The Environmental Rights Action/Friends of the Earth Nigeria (ERA/FoEN) has expressed pessimism about the outcomes of the United Nations Climate Change Conference (COP 20) that held this month in Lima, describing the failure of developed nations to cede ground on contentious issues beneficial to poor countries as a reminder of the “missteps” of previous talks.
About 196 nations that gathered in the Peruvian capital city agreed that each should present a plan in 2015 for individually reducing greenhouse gas (GHG) pollution. Demands from poorer countries received little attention at the talks, including a proposal that nations like the United States be more explicit on how billions of dollars will be deployed to developing nations to cope with increasing temperatures, storms and rising seas, among other impacts.
ERA/FoEN Executive Director, Godwin Ojo, said: “The climate talks turned out to be the relay of previous meetings where the same issues were tabled and yet no concrete concessions made by the polluting nations. It’s a shame that the meeting was driven by behind the scene deals and negotiations which were not transparent.”
Ojo explained that the polluting countries that drove the process as was the case in the past talks still rejected issues of adaptation, finance, technology transfer, and capacity building which are key to mitigation of the impacts of their appetite for fossil fuels and other polluting.
He added: “Evidently, the talks were built on quick sand with no concrete proposal for Paris COP 21 next year. We have said it time and again that the historical responsibility for the payment of climate debt by developed countries in the provision of finance, technology transfer, and capacity building have been grossly sidestepped and on a wrong footing.
“With the impacts of climate change already being felt in vulnerable communities around the world, the need for immediate action is now, even as the US and other wealthy nations still foot-drag on finance to emissions and other critical issues that poor nations have raised.”
Poor countries urged the U.S. and nations in Europe to consider strengthening the targets they’ve already announced for cutting greenhouse gases before and after 2020.
They argued that the Lima agreement should require wealthy countries to broaden the scope of their carbon-reduction plans by including measures detailing their financial commitments to helping poor countries and their efforts to assist nations in adapting to the effects of climate change. Instead, the final text “invites” countries to consider including adaptation measures in their plans.
Poor countries want the US and other wealthy nations to set a clear path toward providing $100 billion a year in public and private money for climate aid by 2020. The Lima text however falls short of that, instead, “urging” countries to “provide and mobilise enhanced financial support.”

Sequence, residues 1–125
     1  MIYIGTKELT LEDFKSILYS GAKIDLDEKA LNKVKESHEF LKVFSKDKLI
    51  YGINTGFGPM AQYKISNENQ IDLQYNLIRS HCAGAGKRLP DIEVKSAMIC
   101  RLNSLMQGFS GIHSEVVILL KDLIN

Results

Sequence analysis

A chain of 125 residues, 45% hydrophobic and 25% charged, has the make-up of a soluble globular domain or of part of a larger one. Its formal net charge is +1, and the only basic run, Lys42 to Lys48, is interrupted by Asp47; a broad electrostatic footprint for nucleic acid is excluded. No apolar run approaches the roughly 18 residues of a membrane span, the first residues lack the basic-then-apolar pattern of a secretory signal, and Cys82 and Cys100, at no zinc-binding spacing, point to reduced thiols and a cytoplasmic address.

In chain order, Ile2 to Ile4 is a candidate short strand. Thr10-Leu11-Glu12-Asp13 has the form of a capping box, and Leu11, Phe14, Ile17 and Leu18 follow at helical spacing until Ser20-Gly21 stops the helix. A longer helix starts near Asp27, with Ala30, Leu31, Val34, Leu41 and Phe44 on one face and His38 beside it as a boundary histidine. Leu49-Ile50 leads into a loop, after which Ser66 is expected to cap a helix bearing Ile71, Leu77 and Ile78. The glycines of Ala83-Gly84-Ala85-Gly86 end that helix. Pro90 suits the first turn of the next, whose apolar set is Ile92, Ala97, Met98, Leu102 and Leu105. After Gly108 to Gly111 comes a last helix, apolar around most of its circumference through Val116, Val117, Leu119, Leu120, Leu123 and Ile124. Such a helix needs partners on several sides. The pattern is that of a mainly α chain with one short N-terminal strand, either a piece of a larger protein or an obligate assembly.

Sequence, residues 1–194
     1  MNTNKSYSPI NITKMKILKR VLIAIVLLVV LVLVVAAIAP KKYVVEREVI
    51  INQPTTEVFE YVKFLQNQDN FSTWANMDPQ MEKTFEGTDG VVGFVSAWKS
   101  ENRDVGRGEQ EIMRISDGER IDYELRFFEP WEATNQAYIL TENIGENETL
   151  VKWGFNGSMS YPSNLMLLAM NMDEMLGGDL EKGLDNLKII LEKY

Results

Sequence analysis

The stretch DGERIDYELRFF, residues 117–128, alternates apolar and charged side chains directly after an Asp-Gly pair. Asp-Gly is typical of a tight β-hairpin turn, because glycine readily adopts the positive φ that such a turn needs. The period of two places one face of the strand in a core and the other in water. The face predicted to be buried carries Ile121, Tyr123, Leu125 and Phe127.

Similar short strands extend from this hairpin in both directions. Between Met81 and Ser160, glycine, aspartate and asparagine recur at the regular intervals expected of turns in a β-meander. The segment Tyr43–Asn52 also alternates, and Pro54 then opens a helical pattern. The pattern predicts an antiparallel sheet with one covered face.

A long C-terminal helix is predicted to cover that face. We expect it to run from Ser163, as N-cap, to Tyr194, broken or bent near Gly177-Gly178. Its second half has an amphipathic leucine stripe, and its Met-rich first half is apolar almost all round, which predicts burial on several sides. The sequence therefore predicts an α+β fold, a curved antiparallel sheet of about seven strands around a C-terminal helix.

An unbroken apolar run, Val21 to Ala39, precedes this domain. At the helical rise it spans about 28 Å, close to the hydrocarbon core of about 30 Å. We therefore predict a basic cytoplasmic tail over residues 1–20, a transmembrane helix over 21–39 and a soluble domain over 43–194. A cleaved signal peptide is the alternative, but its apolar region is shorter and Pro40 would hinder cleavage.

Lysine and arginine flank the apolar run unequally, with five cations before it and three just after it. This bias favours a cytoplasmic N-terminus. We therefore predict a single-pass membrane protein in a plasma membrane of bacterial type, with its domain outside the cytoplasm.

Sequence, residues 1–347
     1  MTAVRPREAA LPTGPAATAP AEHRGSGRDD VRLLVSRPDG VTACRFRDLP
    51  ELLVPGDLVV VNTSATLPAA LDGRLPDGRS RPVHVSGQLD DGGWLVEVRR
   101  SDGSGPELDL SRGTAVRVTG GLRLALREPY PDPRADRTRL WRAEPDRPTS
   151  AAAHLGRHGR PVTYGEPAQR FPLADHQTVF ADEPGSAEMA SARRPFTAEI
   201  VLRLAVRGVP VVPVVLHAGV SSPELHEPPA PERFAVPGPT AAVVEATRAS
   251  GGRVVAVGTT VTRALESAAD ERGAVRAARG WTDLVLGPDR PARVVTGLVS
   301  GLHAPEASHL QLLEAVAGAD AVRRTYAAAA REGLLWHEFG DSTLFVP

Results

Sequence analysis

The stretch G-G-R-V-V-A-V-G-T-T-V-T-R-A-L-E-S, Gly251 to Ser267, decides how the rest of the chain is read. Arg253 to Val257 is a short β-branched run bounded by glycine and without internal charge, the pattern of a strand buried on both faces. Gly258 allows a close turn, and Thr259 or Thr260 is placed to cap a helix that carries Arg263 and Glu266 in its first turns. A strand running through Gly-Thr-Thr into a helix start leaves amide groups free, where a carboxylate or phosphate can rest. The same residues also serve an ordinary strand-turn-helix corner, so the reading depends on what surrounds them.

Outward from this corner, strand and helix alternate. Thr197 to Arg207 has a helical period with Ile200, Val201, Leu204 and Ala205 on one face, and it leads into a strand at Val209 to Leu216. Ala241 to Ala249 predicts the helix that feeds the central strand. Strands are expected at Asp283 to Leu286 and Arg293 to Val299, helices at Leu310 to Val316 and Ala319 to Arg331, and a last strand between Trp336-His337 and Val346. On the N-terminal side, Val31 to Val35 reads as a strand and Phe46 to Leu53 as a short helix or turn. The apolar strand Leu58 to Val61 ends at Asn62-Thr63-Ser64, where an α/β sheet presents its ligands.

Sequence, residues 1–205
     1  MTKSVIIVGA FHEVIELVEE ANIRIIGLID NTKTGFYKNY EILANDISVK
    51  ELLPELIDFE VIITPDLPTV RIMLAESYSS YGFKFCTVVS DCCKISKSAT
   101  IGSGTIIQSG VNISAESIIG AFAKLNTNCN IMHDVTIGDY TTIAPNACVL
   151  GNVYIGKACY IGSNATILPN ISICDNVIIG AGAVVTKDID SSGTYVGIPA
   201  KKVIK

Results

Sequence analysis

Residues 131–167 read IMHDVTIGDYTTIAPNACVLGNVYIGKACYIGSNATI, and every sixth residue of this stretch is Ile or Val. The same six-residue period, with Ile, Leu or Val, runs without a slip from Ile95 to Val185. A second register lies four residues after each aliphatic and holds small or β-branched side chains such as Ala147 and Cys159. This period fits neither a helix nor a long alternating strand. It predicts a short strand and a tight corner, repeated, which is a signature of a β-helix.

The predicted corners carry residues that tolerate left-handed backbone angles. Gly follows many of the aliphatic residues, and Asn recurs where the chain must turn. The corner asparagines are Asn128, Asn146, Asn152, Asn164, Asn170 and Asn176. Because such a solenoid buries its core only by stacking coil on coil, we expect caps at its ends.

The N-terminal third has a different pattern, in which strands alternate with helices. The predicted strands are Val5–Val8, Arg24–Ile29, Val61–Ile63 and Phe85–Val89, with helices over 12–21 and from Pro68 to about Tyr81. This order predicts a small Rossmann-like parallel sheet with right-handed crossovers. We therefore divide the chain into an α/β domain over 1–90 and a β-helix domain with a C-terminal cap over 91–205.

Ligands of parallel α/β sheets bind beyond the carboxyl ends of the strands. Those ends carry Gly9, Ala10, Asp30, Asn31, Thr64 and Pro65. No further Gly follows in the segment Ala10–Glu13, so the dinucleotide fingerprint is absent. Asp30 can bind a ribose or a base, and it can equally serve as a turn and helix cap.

“The talks have shown that social movements can instigate processes of change that the climate talks fail to address. The outcome of the COP undermines historical responsibility putting pressure on developing countries without adequate support in financing and technology transfer. The urgent obligation of developed countries to provide climate finance is glaringly missing,” Ojo insisted.
International humanitarian and development organisation ACT Alliance is urging governments to stop gambling with the future of communities struggling with the impacts of climate change and to come to an agreement that reflects the urgent need for change on the ground.
The alliance questioned whether governments at the negotiating table actually share the belief in a resilient and sustainable future.
Mattias Söderberg, Co-chair of the ACT Alliance Advisory Group on Climate Change Advocacy, said: “The current proposals on the table are far from our vision, and far from the recommendations given by science. The proposal has been striped of ambition, fairness and concrete agreements that could promote progress towards a sustainable future. We need those at the negotiation table to work together to fix this.”
ACT Alliance is a coalition of more than 140 churches and affiliated organisations working together in 140 countries to create positive and sustainable change in the lives of poor and marginalised people regardless of their religion, politics, gender, sexual orientation, race or nationality in keeping with the highest international codes and standards.
“We see a vision of a resilient and sustainable future,” said Söderberg. “A future where everyone, everywhere in the word, has the same rights and possibilities to benefit from development. To make this vision come true, we need to go through a transformative change, towards a low carbon development. This is a global challenge, and thus we need a global cooperation and agreement about how to move forward.”